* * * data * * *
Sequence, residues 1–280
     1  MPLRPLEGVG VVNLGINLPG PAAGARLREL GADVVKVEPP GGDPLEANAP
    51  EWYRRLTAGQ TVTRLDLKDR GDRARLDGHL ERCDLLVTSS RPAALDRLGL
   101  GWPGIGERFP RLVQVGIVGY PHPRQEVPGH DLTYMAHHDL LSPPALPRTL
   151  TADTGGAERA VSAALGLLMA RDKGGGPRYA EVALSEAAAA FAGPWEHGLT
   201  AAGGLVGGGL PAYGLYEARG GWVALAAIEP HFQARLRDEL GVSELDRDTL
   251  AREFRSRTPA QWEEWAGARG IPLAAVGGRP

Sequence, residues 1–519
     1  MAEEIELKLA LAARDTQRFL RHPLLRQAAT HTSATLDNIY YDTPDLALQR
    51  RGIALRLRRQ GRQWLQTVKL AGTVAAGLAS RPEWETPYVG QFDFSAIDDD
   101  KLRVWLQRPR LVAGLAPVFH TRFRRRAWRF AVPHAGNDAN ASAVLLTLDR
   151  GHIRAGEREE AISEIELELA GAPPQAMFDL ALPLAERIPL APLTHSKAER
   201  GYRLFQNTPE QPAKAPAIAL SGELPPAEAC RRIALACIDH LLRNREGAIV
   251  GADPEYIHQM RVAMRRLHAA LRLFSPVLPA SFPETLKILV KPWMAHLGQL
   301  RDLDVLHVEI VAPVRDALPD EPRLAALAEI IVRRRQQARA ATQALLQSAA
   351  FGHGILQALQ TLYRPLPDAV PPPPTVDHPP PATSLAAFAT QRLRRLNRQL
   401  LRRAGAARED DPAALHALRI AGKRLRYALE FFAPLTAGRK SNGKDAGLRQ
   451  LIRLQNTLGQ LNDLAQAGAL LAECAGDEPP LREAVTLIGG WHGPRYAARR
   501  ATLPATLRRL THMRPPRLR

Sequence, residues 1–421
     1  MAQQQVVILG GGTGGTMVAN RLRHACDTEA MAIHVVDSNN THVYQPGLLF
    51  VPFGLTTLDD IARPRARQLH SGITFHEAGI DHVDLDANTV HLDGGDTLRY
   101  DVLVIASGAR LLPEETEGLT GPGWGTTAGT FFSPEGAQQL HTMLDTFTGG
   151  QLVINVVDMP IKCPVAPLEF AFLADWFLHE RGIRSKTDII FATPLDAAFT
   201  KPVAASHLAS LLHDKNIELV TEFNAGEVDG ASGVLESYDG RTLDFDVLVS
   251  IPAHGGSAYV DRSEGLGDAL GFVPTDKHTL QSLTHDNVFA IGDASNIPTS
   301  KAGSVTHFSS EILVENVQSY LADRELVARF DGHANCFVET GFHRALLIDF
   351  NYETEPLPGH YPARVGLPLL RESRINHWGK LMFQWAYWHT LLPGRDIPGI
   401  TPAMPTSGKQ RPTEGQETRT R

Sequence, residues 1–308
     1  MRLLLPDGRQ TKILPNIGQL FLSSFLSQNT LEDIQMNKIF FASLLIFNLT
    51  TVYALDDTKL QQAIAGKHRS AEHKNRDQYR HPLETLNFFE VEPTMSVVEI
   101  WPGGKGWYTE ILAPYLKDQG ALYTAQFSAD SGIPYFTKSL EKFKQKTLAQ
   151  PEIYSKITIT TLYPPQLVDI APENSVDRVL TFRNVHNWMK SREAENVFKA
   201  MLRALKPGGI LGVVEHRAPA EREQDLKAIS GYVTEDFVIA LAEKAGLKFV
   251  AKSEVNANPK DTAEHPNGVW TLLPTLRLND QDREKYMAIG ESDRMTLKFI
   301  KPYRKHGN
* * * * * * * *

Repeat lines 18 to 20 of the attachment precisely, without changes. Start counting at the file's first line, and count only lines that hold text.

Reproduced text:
   451  LIRLQNTLGQ LNDLAQAGAL LAECAGDEPP LREAVTLIGG WHGPRYAARR
   501  ATLPATLRRL THMRPPRLR

Sequence, residues 1–421